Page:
Melissa McCarthy has established herself as a queen of R-rated comedy in recent years, mostly due to her work with director Paul Feig. Bridesmaids, The Heat, and Spy have been big hits with audiences and critics alike. Her collaborations with her husband, director Ben Falcone, haven’t hit the same highs. Tammy is pretty much terrible, and 2016’s The Boss showed a slight improvement, but still wasn’t very good. Life of the Party is a different kind of movie altogether.
Deanna is a woman in the throes of a midlife crisis after her husband unexpectedly asks for a divorce after they drop their daughter Maddie off for her final year of college. Deanna decides to enroll in the same university as her daughter to complete the degree she never was able to finish. Maddie’s sorority sisters warm up to Deanna pretty early on, welcoming her into their circle. Through going back to school, Deanna gets to live the life she never quite got the chance to.
This is a very light movie. It’s a confection designed for a Mother’s Day release. It’s about the bonds between mothers and daughters and doesn’t really veer into the overly complicated. It isn’t necessarily ambitious. You’ve probably seen movies like this with quicker writing. And Falcone’s directorial skills still definitely need work, but he’s slowly learning from his mistakes. For a film that doesn’t have ambitious aspirations, this is really a joy to watch.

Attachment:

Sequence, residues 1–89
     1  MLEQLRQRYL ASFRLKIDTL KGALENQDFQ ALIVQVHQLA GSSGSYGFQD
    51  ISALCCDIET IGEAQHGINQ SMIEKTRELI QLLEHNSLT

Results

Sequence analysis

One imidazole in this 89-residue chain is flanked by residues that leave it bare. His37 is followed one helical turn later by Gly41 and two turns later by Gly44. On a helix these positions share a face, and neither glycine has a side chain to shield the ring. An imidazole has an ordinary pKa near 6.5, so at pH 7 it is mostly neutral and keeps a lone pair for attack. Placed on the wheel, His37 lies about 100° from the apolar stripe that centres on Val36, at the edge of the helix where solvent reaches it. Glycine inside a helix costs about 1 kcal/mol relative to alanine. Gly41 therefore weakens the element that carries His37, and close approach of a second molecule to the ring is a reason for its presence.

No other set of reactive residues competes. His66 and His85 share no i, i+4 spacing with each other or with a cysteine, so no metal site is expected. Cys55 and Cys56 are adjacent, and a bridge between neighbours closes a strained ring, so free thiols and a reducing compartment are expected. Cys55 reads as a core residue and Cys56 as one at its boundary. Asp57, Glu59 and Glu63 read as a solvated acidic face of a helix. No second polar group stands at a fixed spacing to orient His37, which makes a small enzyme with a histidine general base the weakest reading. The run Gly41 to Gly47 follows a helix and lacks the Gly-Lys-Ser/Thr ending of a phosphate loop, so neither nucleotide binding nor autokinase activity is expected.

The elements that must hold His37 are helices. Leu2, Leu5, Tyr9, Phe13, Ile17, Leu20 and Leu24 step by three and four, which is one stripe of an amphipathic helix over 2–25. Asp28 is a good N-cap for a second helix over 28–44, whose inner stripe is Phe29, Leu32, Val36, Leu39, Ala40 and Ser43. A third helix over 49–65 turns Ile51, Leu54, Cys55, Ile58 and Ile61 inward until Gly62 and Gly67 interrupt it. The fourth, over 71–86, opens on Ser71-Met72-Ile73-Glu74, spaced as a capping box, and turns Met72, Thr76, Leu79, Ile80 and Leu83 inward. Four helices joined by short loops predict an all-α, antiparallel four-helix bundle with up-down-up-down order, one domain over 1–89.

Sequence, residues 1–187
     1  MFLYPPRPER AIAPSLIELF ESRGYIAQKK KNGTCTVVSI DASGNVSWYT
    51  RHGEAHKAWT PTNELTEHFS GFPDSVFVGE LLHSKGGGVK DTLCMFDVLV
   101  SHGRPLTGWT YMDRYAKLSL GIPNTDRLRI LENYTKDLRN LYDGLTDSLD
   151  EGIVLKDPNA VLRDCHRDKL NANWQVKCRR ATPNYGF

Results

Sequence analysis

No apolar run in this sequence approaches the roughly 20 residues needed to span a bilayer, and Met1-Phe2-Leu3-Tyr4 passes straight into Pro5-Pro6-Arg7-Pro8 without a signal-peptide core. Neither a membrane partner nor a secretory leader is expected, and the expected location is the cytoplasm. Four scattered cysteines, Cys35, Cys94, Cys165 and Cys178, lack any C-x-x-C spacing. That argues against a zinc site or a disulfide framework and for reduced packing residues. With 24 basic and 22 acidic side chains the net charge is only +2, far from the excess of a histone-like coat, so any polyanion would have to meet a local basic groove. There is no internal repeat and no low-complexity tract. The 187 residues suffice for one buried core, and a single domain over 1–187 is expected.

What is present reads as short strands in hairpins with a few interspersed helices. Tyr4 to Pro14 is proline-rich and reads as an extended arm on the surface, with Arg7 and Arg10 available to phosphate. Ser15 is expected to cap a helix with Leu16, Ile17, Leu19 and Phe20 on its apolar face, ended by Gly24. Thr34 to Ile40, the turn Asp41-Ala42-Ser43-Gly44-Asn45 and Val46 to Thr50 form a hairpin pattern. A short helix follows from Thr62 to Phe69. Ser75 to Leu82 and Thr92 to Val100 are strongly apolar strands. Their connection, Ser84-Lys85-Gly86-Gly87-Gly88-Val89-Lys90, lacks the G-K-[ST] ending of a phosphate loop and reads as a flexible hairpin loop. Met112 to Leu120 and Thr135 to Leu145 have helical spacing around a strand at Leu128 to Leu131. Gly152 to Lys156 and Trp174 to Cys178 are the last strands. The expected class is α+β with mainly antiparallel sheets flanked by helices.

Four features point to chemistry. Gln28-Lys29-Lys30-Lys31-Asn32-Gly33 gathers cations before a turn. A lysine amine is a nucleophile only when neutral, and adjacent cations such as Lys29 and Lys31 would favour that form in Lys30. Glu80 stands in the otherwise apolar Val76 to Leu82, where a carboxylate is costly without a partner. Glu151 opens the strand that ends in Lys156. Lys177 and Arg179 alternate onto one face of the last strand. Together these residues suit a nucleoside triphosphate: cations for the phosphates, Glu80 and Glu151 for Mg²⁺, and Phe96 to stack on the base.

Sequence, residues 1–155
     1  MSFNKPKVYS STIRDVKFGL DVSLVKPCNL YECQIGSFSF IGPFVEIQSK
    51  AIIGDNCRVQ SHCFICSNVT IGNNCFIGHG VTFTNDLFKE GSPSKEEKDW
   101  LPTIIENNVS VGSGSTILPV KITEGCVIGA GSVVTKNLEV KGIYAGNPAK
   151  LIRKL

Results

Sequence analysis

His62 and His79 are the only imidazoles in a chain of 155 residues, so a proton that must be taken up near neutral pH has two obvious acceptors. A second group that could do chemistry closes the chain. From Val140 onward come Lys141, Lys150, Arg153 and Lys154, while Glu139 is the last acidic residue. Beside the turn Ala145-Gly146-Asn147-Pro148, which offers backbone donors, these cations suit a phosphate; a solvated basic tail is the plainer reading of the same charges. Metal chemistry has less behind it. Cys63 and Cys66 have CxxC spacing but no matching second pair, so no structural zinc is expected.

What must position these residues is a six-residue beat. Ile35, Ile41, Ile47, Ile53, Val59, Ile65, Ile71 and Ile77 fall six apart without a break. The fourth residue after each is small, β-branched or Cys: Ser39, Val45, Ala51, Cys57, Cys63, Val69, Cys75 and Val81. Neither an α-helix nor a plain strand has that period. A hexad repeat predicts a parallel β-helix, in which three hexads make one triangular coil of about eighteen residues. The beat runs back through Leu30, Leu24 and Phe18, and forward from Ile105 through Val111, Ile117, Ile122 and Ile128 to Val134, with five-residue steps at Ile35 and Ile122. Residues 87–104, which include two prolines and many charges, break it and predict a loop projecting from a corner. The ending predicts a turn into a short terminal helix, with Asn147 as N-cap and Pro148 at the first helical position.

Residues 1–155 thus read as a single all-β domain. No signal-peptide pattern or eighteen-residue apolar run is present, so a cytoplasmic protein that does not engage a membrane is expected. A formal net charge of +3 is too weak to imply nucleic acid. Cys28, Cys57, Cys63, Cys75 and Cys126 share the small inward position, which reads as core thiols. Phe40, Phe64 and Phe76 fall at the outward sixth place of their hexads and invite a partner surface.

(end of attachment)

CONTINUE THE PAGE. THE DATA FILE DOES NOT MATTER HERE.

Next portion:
Melissa McCarthy is always terrific, but one could argue that she does the same thing a lot in every movie. It could also be argued that her brand of comedy uses profanity as a crutch. Life of the Party is rated PG-13, and McCarthy doesn’t drop a single f-bomb. It allows her to have plenty of fun with improv, but it shows she can still be very funny without profanity. There’s a scene where she does some of the finest physical comedy I have seen an actor perform in a long while.
McCarthy’s co-stars are also given abundant time to shine. Maya Rudolph, playing Deanna’s best friend, is very funny, as always, and, having worked with McCarthy for years before, they really do seem like old friends. Molly Gordon, as Maddie, is very endearing and charming. Gillian Jacobs from Netflix’s Love plays a sorority sister with an interesting backstory, and she has some standout moments. Saturday Night Live’s Heidi Gardner plays Deanna’s roommate at the dorms. She’s good, really good. Almost every moment she has earned a big laugh from the press screening crowd.
This isn’t a perfect comedy. Some gags fall flat. But, McCarthy is always an engaging screen presence, and she hasn’t lost her edge at all. She’s still riotously funny, and it’s always a pleasure to watch her cut loose. She’s backed up by a hilarious supporting cast, and everyone seems to be having a good time. Even though this is really nothing more than your standard underdog story, there is plenty here to enjoy.